Oxfam is to donate its 70-year archive to Oxford University's Bodleian Libraries, it was announced today.
The international charity was founded in Oxford in 1942 as the Oxford Committee for Famine Relief, and its archive fills almost 10,000 boxes, and contains papers, film, digital materials, audio recordings and oral histories.
Among the material is information on Oxfam's projects between 1955 and 2005, covering issues such as agricultural development, water and sanitation and primary healthcare, the Bodleian said.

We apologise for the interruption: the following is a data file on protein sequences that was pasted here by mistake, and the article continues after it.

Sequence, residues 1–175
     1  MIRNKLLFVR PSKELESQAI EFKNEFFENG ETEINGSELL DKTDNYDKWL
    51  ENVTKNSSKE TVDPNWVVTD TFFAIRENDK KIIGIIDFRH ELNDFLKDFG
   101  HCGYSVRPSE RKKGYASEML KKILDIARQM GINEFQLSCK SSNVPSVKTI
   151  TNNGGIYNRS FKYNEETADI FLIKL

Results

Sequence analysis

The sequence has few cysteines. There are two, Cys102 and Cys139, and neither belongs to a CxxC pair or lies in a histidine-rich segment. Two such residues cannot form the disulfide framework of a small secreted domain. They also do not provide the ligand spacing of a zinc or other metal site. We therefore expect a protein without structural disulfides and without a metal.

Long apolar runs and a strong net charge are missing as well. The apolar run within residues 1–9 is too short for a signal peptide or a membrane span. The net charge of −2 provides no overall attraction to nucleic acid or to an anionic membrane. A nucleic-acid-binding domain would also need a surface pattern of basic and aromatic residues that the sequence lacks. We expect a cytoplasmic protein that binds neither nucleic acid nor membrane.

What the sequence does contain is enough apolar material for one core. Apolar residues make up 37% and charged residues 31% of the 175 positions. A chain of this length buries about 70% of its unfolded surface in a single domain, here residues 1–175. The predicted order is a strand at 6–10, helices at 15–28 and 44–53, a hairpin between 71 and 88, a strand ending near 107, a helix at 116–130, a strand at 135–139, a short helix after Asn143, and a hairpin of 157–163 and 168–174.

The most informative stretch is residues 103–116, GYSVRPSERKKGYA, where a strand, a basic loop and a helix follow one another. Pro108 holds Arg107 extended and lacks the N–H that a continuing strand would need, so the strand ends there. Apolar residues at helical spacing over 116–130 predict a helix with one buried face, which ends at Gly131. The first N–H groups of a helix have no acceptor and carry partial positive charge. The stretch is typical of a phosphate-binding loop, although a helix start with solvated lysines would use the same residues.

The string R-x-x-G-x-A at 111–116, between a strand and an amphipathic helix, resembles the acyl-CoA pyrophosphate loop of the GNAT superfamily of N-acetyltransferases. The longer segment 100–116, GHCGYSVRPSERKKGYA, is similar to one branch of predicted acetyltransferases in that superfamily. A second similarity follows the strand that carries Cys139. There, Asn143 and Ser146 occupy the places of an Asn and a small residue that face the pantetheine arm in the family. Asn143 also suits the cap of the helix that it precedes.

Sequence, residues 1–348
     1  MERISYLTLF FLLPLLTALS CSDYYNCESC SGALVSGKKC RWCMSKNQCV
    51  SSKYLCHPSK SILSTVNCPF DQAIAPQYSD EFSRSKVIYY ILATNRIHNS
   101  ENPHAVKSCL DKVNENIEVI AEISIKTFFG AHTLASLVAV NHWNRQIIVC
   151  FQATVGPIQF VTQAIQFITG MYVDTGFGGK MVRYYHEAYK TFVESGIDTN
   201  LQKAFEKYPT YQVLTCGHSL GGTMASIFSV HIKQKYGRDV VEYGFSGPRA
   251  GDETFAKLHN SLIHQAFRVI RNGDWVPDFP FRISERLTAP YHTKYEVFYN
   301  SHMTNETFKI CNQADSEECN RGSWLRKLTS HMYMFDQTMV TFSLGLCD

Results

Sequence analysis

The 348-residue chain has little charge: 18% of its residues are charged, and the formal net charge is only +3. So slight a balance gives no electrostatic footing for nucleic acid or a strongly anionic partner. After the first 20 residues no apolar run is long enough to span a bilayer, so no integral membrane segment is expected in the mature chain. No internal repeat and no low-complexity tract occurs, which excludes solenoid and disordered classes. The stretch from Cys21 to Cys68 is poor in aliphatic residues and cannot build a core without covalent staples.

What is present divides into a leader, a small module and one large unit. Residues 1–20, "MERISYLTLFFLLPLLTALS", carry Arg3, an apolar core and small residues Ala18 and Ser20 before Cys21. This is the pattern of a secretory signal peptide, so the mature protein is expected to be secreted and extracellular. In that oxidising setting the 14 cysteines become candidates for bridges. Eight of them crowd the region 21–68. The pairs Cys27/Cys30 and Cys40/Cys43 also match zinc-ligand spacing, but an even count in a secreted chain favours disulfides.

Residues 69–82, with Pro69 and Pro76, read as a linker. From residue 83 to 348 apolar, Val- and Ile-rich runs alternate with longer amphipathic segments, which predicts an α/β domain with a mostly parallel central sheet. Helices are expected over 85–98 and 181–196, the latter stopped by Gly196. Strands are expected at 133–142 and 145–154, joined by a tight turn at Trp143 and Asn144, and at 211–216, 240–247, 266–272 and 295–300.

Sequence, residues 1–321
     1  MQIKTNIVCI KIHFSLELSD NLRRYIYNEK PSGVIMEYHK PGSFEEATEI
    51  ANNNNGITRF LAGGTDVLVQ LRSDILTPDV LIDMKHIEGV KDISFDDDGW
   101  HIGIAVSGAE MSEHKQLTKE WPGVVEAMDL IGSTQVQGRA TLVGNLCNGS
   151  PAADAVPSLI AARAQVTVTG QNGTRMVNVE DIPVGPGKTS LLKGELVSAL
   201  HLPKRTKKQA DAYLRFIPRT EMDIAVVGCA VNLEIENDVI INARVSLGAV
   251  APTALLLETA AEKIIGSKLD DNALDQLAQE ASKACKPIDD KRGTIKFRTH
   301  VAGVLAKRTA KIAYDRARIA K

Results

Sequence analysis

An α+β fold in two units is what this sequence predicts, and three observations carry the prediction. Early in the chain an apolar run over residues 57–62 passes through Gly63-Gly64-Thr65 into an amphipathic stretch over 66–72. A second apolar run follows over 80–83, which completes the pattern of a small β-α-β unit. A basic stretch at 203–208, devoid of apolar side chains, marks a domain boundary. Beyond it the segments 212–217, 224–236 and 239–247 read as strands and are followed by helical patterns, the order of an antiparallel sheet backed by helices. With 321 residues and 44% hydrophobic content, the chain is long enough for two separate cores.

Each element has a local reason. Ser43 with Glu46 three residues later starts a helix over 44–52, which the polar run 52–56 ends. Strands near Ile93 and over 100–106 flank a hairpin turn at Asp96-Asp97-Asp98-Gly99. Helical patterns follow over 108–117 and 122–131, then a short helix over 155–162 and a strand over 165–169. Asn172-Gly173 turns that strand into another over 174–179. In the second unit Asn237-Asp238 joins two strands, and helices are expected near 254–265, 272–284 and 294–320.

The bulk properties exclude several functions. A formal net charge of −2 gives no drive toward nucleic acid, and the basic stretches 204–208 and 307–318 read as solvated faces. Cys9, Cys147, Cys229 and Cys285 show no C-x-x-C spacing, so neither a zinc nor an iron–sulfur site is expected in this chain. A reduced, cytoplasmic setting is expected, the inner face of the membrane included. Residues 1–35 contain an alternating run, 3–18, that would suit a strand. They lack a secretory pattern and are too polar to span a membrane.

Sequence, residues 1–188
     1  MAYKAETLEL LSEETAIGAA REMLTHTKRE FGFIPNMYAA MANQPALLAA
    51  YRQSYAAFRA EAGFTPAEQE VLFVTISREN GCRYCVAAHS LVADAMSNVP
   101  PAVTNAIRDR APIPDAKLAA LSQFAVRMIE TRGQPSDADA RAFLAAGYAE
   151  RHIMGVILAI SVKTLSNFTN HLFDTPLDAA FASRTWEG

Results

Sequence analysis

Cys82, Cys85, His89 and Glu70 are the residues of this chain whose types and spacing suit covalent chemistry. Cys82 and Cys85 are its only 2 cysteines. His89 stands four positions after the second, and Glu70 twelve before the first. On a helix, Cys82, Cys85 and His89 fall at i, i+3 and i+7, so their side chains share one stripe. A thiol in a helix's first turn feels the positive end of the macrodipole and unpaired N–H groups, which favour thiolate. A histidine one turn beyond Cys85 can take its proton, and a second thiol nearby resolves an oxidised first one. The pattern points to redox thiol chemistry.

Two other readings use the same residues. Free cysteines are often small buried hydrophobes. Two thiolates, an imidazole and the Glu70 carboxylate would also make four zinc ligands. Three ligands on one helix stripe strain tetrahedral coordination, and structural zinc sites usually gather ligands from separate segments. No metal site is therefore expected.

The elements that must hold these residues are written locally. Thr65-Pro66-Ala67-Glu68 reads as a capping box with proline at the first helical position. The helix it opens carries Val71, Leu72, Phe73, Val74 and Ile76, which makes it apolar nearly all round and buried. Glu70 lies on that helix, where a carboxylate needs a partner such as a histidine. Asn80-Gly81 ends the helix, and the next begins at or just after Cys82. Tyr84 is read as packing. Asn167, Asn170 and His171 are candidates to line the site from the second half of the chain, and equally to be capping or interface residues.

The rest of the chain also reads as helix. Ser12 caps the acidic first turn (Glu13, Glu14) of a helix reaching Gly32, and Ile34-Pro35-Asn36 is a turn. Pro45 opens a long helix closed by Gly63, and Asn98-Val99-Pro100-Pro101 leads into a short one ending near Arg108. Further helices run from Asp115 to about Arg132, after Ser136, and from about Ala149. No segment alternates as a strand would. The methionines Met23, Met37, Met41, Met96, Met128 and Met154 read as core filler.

There are also documents on Oxfam's adverts for campaigns and appeals, and council and executive minute books and papers charting the charity's rise and expansion.
The library said it has been given a grant by the Wellcome Trust to fund a four-and-a-half-year project to catalogue the material.
Librarian Sarah Thomas said: "The archive will be an essential resource for a range of scholars, complementing our existing holdings in the areas of science, medicine, history and development."
Karen Brown, chair of Oxfam, said the archive was a "unique record" of Oxfam and the international aid movement.
"It is wonderful that the Wellcome Trust funding has enabled us to work with the Bodleian to preserve material and make it available to the public. I hope it inspires future generations to continue striving to overcome poverty worldwide."